I'm using the term "robot" to refer to Artificial Intelligence (AI)/Bots/LLMs, in general. In addition, I'm talking about Large Language Models (LLMs) that can be used to process content in various ways. Basically, I'm referencing a non-human entity (software) that you can interact with and ask questions, ask to perform tasks, and use make decisions.
The thoughts in this blog are purely my own, and do not reflect any plans or strategy that SAP has with regards to LLMs and AI.
What does the LLM have to say?
Meet Poseidon, my non-human LLM. He looks real, but he's just a bot. I asked his thoughts, and here's what he said:
As an AI language model, I cannot predict the future, but I can provide some insight into the current trends in automation and the job market.
Automation and artificial intelligence have been impacting many industries, including technical writing. AI-powered tools can now assist with grammar, style, and content suggestions, making the writing process more efficient. However, these tools are not perfect and still require human input to ensure the content is accurate, engaging, and relevant.
Is my job susceptible to computerization?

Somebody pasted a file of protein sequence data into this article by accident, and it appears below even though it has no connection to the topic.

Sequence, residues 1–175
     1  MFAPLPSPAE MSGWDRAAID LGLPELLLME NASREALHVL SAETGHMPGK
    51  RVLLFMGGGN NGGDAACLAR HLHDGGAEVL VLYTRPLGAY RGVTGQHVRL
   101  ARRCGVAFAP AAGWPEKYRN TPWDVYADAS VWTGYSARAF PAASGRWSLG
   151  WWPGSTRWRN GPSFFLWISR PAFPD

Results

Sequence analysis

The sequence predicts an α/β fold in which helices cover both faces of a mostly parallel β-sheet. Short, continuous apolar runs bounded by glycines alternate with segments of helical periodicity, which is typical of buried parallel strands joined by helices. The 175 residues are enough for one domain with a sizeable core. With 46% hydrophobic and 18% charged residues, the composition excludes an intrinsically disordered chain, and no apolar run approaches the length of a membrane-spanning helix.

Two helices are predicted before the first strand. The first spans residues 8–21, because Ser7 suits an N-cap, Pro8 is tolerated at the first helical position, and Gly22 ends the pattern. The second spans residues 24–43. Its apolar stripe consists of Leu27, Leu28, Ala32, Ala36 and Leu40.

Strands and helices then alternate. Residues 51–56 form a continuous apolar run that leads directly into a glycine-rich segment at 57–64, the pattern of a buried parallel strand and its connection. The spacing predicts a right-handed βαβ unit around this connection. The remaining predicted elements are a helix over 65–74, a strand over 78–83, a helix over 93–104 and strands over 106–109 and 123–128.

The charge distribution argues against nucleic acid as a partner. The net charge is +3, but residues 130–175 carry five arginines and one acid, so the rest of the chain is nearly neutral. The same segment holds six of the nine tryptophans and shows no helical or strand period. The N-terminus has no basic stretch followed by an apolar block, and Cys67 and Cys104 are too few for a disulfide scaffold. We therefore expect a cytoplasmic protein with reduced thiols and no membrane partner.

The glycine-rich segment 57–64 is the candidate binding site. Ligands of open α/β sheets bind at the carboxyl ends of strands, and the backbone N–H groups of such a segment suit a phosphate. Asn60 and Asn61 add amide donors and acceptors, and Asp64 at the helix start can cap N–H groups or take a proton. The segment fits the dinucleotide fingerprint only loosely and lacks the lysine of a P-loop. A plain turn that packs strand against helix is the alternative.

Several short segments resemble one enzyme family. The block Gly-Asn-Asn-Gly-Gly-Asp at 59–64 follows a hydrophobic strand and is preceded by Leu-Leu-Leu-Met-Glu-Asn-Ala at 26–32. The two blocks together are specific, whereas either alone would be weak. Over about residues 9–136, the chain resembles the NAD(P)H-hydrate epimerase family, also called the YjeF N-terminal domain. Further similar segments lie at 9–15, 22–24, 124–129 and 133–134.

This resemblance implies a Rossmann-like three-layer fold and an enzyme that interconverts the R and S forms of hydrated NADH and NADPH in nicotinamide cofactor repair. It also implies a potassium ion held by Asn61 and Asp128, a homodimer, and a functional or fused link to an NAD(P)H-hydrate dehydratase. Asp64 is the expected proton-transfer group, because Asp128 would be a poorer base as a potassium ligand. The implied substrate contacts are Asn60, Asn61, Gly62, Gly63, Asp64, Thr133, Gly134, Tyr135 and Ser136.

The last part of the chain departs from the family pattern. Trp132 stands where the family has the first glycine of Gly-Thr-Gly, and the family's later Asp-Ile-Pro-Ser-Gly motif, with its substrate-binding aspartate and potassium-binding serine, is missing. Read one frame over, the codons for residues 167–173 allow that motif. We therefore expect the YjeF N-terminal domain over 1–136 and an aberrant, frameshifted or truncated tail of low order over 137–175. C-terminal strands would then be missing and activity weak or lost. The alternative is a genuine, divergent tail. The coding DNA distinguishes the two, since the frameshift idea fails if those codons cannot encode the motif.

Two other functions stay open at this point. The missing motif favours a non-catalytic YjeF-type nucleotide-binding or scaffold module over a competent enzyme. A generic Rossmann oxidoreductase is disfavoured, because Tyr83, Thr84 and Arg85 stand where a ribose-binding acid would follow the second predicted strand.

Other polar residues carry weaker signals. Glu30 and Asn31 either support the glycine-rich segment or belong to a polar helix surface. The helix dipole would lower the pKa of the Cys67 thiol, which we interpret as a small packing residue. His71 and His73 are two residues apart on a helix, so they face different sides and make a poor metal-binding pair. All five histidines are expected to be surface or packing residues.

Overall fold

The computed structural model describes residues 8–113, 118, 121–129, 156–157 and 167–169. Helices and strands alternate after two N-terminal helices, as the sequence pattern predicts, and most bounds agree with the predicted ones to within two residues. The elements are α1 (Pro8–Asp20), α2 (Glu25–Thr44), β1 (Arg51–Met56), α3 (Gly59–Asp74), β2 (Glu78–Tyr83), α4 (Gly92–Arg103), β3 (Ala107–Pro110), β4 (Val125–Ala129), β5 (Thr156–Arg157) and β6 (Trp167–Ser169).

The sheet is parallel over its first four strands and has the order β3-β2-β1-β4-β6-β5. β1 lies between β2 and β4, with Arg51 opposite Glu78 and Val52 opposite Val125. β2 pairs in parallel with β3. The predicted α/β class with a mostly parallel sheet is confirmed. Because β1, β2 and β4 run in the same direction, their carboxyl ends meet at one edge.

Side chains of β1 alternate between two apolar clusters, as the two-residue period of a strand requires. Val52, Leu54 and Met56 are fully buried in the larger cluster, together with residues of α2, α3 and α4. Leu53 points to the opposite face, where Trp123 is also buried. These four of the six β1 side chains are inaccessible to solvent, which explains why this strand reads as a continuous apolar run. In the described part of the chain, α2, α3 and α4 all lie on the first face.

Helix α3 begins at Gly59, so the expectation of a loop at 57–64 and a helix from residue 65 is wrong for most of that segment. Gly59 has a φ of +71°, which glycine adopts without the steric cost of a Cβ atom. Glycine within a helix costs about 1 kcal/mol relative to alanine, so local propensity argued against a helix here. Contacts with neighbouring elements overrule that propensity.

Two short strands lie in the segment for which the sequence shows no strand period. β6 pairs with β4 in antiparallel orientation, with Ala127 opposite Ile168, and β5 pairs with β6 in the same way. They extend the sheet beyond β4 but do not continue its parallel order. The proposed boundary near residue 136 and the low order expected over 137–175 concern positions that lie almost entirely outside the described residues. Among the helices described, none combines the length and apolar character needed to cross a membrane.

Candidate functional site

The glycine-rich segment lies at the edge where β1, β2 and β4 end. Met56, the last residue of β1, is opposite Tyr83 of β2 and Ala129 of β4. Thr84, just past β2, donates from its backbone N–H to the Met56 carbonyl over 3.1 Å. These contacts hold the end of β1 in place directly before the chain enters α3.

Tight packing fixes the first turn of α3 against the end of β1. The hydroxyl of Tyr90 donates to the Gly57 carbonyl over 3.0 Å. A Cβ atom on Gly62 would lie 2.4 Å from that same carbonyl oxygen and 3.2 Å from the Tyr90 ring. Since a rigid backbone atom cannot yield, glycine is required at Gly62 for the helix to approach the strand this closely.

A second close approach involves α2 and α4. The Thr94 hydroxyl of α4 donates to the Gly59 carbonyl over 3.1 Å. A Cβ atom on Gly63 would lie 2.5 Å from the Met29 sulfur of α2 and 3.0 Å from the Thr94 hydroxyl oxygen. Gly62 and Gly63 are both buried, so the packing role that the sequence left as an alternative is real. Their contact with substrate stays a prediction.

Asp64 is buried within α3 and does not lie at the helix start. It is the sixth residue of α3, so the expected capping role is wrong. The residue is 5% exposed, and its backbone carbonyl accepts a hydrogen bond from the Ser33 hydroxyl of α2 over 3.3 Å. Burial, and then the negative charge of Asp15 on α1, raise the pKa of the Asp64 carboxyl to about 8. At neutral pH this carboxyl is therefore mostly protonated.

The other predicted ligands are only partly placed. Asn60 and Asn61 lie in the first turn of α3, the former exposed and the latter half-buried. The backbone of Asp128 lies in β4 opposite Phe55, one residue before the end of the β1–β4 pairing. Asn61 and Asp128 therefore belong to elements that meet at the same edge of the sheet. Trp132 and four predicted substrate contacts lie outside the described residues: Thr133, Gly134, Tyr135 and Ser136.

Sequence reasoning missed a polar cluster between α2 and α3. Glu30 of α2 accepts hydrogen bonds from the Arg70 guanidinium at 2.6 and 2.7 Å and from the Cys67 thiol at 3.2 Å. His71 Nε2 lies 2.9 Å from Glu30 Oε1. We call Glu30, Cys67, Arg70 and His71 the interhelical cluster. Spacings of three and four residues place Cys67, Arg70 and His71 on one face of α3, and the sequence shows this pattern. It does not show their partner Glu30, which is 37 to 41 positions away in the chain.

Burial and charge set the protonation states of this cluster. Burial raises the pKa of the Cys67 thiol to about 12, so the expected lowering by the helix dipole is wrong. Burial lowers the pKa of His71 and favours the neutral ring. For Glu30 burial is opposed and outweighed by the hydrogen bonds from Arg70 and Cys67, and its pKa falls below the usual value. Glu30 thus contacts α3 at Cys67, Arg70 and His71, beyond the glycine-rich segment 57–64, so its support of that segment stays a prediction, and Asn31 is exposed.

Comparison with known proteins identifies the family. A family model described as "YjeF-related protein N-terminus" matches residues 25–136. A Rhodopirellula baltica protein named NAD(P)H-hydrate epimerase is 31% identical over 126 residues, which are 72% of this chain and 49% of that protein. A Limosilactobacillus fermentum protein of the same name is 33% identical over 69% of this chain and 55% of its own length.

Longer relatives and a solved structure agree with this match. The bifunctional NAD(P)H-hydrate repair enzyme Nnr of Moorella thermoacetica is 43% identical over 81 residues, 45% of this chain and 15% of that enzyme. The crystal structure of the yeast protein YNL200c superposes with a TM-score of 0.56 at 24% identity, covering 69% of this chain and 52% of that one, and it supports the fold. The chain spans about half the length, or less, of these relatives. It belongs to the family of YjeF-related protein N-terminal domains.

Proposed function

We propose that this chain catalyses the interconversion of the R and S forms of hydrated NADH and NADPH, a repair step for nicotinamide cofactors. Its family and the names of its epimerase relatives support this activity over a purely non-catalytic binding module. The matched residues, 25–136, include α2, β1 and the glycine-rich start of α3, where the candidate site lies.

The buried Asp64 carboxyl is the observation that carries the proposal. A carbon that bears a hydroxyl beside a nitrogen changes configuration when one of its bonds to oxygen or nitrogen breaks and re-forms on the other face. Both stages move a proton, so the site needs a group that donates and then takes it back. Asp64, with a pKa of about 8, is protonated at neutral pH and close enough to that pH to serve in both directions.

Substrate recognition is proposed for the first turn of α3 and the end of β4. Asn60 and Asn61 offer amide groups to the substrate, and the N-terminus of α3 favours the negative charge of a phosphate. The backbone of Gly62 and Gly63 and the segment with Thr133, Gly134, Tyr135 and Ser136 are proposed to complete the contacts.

This website, Will Robots Take My Job, lets you search for your job and see the probability that you will be replaced by the bots. I searched Technical Writers, and it shows we have a 79% risk of automation.... who came up with that, the bots??? Yet a podiatrist has only a 12% risk. And a Septic Tank Servicer and Sewer Pipe Cleaner is at 60% risk. Good for them, I suppose. I don't know how accurate these numbers are, but go play around with it a bit. It's mildly fun.
What's the problem with replacing humans with AI?
Artificial intelligence (AI) isn't perfect yet but can be helpful and answer a variety of questions. It has some flaws. It can spread false or unreliable information, have limited knowledge of a particular subject, can lack creativity, and even be a bit biased at times.